You’ve undoubtedly seen public service announcements, signage, and other warnings about slowing down and being alert when driving in work zones to avoid injuring or killing road workers. Still, between 2016 and early May of 2021, there were 27,485 traffic crashes in Ohio work zones. And while workers are at special risk in those incidents, they’re far from the only ones injured or killed in work zone accidents.
Ohio Work Zone Accident Statistics
In 2019, Ohio hit an all-time high number of work zone accidents: 6,574 in a single year. Those crashes resulted in 1,121 injuries and 16 deaths. Just two of those deaths were road workers. The number of work zone crashes dropped to 4,540 in 2020. But it’s unclear at this point whether this represents an improvement or is simply the result of lower traffic volume and less construction work during the pandemic.
While work zone accidents can happen anywhere road work is underway, these events are concentrated in certain areas. Unsurprisingly, they happen more often in more populous, congested, high traffic areas. Since 2016, more than 41% of Ohio work zone accidents have occurred in three counties: Hamilton County (Cincinnati) took the lead, with Cuyahoga County (Cleveland) and Franklin County (Columbus) close behind.
Highest Risk Times for Work Zone Crashes in Ohio
The riskiest times in Ohio work zones will likely come as no surprise. Work zone accidents are most likely to happen on weekdays, with Tuesday and Wednesday being the highest risk days, closely followed by Thursday and Friday. Afternoon rush hour, between 3:00 p.m. and 4:59 pm., is the most dangerous time. Overall, noon to early evening is the highest-risk time, with another high-risk band between 7:00 a.m. and 8:59 a.m.
Work Zone Accident Types
The work zone accident type we hear about the most–and are probably most concerned about as drivers–involves hitting someone on the work crew with your vehicle. Those types of accidents are particularly dangerous, simply because a pedestrian hit by a car or truck is far more likely to be killed than someone involved in many other types of motor vehicle accidents. The risk of serious injury or death increases significantly at higher rates of speed.
But this type of accident is far from the most common work zone collision. Rather, the most common type of work zone accident involves one vehicle rear ending another. This is typically caused by drivers traveling too fast in a work zone and/or following too closely.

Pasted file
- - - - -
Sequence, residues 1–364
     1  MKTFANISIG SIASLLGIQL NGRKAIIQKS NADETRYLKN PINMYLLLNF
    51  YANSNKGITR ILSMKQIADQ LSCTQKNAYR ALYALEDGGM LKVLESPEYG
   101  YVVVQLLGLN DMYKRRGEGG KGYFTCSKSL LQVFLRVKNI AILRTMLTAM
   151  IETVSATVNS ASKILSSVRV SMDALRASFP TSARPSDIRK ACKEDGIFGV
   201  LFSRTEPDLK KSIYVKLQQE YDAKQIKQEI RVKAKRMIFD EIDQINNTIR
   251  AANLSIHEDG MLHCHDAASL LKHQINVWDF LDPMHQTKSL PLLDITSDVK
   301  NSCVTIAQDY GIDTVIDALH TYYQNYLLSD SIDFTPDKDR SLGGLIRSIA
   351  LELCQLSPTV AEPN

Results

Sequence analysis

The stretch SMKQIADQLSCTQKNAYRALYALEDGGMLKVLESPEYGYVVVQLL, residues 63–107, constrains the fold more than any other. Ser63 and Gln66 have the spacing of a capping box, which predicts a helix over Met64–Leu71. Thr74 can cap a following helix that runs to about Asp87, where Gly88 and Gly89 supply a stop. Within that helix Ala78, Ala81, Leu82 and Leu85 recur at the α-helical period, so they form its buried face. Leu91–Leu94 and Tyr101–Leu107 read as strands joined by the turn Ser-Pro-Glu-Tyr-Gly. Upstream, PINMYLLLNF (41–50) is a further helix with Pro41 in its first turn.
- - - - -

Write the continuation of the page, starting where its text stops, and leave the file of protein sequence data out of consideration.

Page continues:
Avoiding Ohio Work Zone Crashes
The first step toward avoiding work zone collisions is to follow the law. Work zone speed limits are lower for a reason. Higher rates of speed make it less likely that you’ll perceive a hazard in time, less likely that you’ll be able to adjust in time, more likely that a worker you hit will be seriously injured or killed, and more likely that you or those in another vehicle you collide with will suffer serious injury or death. Pay close attention to road signs in the work zone that provide other warnings, such as traffic pattern changes, as well.
Of course, distracted driving is always dangerous and should always be avoided. But the risks of taking your eyes off the road, driving while you’re fatigued, driving under the influence, or otherwise being anything other than clear-headed and vigilant on the road are magnified in a work zone.
Liability for Work Zone Crashes
Generally, any driver or other party whose negligence caused or contributed to an injury or death is legally responsible for the harm caused by that negligence. So a driver who is speeding in a work zone or following too close and hits the car in front of them, or who is looking at a phone or other device and hits a worker, another car, or road equipment, will typically be liable.
In some cases, there may be other responsible parties. For example, the entity responsible for the road repairs may be responsible for or share responsibility for a work zone accident if the accident was caused in part by inadequate warning signs or barriers, debris left in the road, or other hazards created by that entity.
The best way to get personalized information and advice about who may be legally responsible for your injuries or for the loss of a loved one in a work zone crash is to consult an experienced Ohio car accident attorney. The attorneys at Plevin & Gallucci have dedicated decades to helping people in Ohio secure the compensation they need to rebuild after sustaining serious injuries on the job, in traffic crashes, through the use of defective products, and through medical malpractice.
We offer free consultations to help injury victims make informed decisions about their next steps. You can schedule yours right now by calling 855-4PLEVIN or filling out the contact form on this page.